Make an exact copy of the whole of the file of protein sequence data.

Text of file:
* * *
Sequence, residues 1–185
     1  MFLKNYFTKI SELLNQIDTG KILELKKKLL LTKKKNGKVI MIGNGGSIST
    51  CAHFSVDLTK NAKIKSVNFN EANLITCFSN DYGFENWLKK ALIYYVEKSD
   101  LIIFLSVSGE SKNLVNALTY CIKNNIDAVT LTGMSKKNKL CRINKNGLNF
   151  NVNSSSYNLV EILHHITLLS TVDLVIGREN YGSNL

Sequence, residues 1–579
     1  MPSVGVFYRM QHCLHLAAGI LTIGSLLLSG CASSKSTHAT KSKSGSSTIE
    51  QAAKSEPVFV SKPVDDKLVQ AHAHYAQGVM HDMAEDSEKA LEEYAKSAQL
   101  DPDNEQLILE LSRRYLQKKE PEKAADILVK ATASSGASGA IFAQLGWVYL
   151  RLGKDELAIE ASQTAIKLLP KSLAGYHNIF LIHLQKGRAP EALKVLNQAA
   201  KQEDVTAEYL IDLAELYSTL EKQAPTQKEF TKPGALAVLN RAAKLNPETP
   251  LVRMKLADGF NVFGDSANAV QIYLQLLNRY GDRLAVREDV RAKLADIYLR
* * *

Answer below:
Sequence, residues 1–185
     1  MFLKNYFTKI SELLNQIDTG KILELKKKLL LTKKKNGKVI MIGNGGSIST
    51  CAHFSVDLTK NAKIKSVNFN EANLITCFSN DYGFENWLKK ALIYYVEKSD
   101  LIIFLSVSGE SKNLVNALTY CIKNNIDAVT LTGMSKKNKL CRINKNGLNF
   151  NVNSSSYNLV EILHHITLLS TVDLVIGREN YGSNL

Sequence, residues 1–579
     1  MPSVGVFYRM QHCLHLAAGI LTIGSLLLSG CASSKSTHAT KSKSGSSTIE
    51  QAAKSEPVFV SKPVDDKLVQ AHAHYAQGVM HDMAEDSEKA LEEYAKSAQL
   101  DPDNEQLILE LSRRYLQKKE PEKAADILVK ATASSGASGA IFAQLGWVYL
   151  RLGKDELAIE ASQTAIKLLP KSLAGYHNIF LIHLQKGRAP EALKVLNQAA
   201  KQEDVTAEYL IDLAELYSTL EKQAPTQKEF TKPGALAVLN RAAKLNPETP
   251  LVRMKLADGF NVFGDSANAV QIYLQLLNRY GDRLAVREDV RAKLADIYLR